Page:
Effects of genetic relatedness, spatial distance, and context on intraspecific aggression in the red wood ant Formica pratensis (Hymenoptera: Formicidae)


Abstract: In the present study, we tested the level of aggression of monodomous and polydomous colonies of the wood ant Formica pratensis (Hymenoptera: Formicidae) with a behavioral assay in nature and laboratory conditions to see if the ants from neighboring colonies are more tolerant or more aggressive to each other than those from greater distances. We also tested how context (nature and laboratory conditions) affected aggression. Our results showed that the monodomous colonies were highly aggressive to all neighboring or nonneighboring conspecifics in nature irrespective of the spatial distance. The polydomous colony showed no aggression towards neighboring conspecifics but the level of aggression increased with increasing spatial distance between the colonies. The level of aggression of tested colonies in laboratory conditions was significantly low, irrespective of whether they were monodomous or polydomous, indicating that aggression is context dependent. A DNA barcoding technique based on mitochondrial COI gene sequencing was applied to determine the genetic relatedness between the colonies. The results of the genetic analysis, in combination with results of behavioral assays, revealed that aggression behavior of the polydomous colony was affected by both the genetic relatedness and the spatial distance between the colonies while there was no clear separation of effects of genetic relatedness and spatial distance on aggression in the monodomous colonies.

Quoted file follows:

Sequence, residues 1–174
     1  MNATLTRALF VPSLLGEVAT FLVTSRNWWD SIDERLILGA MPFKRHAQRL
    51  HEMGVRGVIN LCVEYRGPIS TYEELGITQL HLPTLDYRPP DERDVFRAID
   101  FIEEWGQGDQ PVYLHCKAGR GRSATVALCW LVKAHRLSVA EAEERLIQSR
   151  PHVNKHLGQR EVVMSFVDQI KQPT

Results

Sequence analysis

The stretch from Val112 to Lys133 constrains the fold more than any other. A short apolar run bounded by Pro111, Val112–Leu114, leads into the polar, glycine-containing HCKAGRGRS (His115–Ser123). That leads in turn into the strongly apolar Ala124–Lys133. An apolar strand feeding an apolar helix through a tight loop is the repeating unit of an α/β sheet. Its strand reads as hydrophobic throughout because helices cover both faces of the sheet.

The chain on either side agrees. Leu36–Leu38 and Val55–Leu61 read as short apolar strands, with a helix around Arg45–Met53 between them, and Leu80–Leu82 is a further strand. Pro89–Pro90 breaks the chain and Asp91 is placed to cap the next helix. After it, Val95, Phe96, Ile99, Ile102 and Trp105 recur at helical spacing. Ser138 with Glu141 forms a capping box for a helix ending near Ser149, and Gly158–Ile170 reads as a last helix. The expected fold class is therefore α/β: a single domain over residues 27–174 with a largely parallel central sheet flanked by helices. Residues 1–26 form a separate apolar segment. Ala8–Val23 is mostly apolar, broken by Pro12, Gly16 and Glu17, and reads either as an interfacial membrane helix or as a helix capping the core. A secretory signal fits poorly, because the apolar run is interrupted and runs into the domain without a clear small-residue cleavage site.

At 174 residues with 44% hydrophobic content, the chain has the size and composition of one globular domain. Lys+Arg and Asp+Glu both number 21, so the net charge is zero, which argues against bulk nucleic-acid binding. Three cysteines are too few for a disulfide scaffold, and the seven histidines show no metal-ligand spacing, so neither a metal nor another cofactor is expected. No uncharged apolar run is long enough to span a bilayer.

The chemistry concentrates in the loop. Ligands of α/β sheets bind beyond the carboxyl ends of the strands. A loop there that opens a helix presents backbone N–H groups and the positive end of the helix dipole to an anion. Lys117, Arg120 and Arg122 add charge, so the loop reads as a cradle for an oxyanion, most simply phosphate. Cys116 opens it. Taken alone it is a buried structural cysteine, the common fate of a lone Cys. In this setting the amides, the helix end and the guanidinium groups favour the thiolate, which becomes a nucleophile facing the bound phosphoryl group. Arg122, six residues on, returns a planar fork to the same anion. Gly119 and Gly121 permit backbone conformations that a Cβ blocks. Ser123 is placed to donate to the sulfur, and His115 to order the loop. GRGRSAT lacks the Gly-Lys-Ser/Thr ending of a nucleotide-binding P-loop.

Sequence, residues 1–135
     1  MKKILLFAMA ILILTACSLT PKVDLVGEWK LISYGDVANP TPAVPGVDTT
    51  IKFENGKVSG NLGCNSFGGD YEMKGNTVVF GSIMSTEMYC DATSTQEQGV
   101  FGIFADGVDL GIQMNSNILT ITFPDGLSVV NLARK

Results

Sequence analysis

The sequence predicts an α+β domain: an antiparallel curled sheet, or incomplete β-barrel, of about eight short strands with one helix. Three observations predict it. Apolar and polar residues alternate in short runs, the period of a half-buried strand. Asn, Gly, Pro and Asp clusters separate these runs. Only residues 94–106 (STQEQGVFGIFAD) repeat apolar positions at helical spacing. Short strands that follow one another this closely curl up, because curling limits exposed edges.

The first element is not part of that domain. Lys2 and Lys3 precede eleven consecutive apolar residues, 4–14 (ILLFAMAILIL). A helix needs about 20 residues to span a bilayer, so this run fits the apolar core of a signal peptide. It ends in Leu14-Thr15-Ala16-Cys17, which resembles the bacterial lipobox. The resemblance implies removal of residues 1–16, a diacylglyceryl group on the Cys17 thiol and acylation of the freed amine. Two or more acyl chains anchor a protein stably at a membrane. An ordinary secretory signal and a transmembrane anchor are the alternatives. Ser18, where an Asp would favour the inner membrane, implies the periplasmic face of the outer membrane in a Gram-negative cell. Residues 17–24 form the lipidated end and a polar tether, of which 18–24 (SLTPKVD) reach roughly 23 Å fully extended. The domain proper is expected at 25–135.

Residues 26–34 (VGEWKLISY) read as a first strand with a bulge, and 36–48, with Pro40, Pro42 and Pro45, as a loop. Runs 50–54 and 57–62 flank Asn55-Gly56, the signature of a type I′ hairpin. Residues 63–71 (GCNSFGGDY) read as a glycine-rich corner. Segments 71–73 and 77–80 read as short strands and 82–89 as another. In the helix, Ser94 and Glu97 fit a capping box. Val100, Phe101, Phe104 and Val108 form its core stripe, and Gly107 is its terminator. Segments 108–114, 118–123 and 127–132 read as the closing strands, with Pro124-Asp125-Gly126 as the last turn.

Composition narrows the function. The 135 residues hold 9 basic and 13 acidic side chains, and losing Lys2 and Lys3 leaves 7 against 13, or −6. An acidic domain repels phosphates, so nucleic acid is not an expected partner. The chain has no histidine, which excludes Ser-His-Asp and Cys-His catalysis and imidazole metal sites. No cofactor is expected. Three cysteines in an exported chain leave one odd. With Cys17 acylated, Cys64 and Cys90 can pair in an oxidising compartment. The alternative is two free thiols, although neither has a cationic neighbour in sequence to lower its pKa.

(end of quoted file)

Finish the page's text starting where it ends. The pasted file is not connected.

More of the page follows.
Keywords: Context-dependent aggression, intraspecific aggression, social structure, dear enemy effect, nasty neighbor effect, DNA barcoding

Full Text: PDF